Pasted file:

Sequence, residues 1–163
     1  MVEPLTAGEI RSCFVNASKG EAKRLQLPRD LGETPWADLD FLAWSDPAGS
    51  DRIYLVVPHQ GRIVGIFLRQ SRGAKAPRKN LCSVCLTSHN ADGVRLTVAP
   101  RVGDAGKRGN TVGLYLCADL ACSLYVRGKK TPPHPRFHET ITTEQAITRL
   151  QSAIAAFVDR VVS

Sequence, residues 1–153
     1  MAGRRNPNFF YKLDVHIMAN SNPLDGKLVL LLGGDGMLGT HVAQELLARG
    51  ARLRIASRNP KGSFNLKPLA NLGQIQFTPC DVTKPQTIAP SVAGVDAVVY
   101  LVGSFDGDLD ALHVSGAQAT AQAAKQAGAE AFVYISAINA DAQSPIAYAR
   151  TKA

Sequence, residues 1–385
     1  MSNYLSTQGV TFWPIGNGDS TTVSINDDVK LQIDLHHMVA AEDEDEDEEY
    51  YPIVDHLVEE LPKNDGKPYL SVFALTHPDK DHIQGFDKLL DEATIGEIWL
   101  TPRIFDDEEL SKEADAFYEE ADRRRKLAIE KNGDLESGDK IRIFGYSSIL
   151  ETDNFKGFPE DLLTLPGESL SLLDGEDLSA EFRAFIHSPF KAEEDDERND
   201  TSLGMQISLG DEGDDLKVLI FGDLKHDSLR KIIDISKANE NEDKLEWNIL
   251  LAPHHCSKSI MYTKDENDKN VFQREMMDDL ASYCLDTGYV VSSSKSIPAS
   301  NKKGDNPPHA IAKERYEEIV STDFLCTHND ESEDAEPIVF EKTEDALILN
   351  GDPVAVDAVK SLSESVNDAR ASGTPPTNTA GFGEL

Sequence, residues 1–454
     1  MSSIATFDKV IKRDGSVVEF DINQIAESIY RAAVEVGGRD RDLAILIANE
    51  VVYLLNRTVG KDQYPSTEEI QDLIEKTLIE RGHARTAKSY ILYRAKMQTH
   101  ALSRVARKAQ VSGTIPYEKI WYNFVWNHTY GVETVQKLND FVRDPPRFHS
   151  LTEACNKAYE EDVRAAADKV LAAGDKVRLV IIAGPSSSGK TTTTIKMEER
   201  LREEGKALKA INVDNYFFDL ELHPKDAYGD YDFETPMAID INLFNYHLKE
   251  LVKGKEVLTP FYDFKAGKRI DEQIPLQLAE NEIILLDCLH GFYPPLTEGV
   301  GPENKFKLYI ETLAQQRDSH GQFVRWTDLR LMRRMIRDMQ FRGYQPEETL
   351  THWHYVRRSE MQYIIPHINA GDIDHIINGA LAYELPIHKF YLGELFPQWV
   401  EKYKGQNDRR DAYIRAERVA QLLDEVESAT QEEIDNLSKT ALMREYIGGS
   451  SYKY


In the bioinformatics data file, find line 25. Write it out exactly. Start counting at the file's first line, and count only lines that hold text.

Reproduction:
   201  LREEGKALKA INVDNYFFDL ELHPKDAYGD YDFETPMAID INLFNYHLKE